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ranges and with a good natural drainage is much more unhealthy, fevers being very prevalent. As at Greytown so at Pernambuco, the trade winds blow with much regularity, and there are no hills nor hollows to interfere with the movements of the air, so that miasmatic exhalations cannot accumulate. Surrounding the cleared portions around Greytown is a scrubby bush, amongst which are many guayava trees (Psidium sp.) having a fruit like a small apple filled with seeds, of a sub-acid flavour, from which the celebrated guava jelly is made. The fruit itself often occasions severe fits of indigestion, and many of the natives will not swallow the Small seeds, but only the pulpy portion, which is said to be harmless. I saw another fruit growing here, a yellow berry about the size of a cherry, called “Nancito” by the natives. It is often preserved by them with spirit and eaten like olives. Beyond the brushwood, which grows where the original forest has been cut down, there are large trees covered with numerous epiphytes—Tillandsias, orchids, ferns, and a hundred others, that make every big tree an aérial botanical garden. Great arums are perched on the forks and send down roots like cords to the ground, whilst lianas run from tree to tree or hang in loops and folds like the disordered tackle of a ship. Green parrots fly over in screaming flocks, or nestle in loving couples amidst the foliage; toucans hop along the branches, turning their long, highly-coloured beaks. from side to side with an old-fashioned look, and beautiful tanagers (Ramphocaelus passerinii) frequent the outskirts. of the forest, all velvety black, excepting a large patch of fiery-red above the tail, which renders the bird very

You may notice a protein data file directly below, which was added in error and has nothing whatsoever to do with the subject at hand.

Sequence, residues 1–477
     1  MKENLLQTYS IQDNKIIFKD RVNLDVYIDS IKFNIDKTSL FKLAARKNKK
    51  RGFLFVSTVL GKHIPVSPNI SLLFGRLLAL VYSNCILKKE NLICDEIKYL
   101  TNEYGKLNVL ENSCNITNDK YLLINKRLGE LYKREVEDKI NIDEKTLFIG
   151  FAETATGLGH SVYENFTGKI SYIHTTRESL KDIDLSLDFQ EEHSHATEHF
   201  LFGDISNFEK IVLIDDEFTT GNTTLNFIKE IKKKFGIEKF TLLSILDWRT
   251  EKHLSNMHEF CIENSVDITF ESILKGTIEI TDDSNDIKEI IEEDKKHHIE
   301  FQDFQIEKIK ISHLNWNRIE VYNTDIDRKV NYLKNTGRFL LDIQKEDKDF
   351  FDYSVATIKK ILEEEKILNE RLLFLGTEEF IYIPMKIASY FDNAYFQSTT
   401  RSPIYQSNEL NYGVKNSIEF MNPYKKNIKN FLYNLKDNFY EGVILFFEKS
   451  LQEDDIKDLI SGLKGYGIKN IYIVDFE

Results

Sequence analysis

conspicuous. It is only the male that is thus coloured, the female being clothed in a sober suit of greenishbrown. I think this bird is polygamous, for several of the brown ones were always seen with one of the redand-black ones. The bright colours of the male must make it very conspicuous to birds of prey, and, probably in consequence, it is not nearly so bold as the obscurelycoloured females. When a clear space in the brushwood is to be crossed, such as a road, two or three of the females will fly across first, before the male will venture to do so; and he is always more careful to get himself concealed amongst the foliage than his mates. I walked some distance into the forest along swampy paths cut by charcoal burners, and saw many beautiful and curious insects. Amongst the numerous butterflies, large blue Morphos and narrow, weak-winged Heliconidae, striped and spotted with yellow, red, and black, were the most conspicuous and most characteristic of tropical America. Amongst the beetles I found a curious longicorn (Desmiphora fasciculata), covered with long brown and black hairs, and closely resembling some of the short, thick, hairy caterpillars that are common on the bushes. Other closely allied species hide under fallen branches and logs, but this one clung exposed amongst the leaves, its antennae concealed against its body, and its resemblance to a caterpillar so great, that I was myself at first deceived by it. It is well known that insectivorous birds will not touch a hairy caterpillar, and this is only one of numberless instances where insects, that have some special protection against their enemies, are closely imitated by others belonging to different genera, and even different orders. Thus, wasps and stinging ants have hosts of imitators amongst moths, beetles, and bugs, and I shall have many curious facts to relate concerning these mimetic resemblances. To those not acquainted with Mr. Bates's admirable remarks on mimetic forms, I must explain that it is only on account of the poverty of our language that we have to speak of one species imitating another, as if it were a conscious act. No such idea is entertained, and it might have been well if some new term had been adopted to express what is meant. These deceptive resemblances are supposed, by the advocates of the origin of species by natural selection, to have been brought about by varieties of one species, that somewhat resembled another having special means of protection, being preserved from their enemies in consequence of that unconscious imitation. The resemblance, which was perhaps at first only remote, is supposed to have been increased in the course of ages by the varieties, that more and more closely approached the species imitated, in form, colour, and movements, being protected. These resemblances are not only between insects of different genera and orders, but between insects and flowers, leaves, twigs, and bark of trees, and between insects and inanimate nature. They serve often for concealment, as when leaves are imitated by leaf-insects and many butterflies; or for a disguise that enables predatory species to get within reach of their prey, as in those spiders that resemble the petals of flowers amongst which they hide. That I may not travel over the same ground twice, I may here mention that on a subsequent visit to Greytown Mr. Hollenbeck lent me his horse, and I rode a few miles northward along the beach. On my return, I tied up the horse and walked about a mile over the

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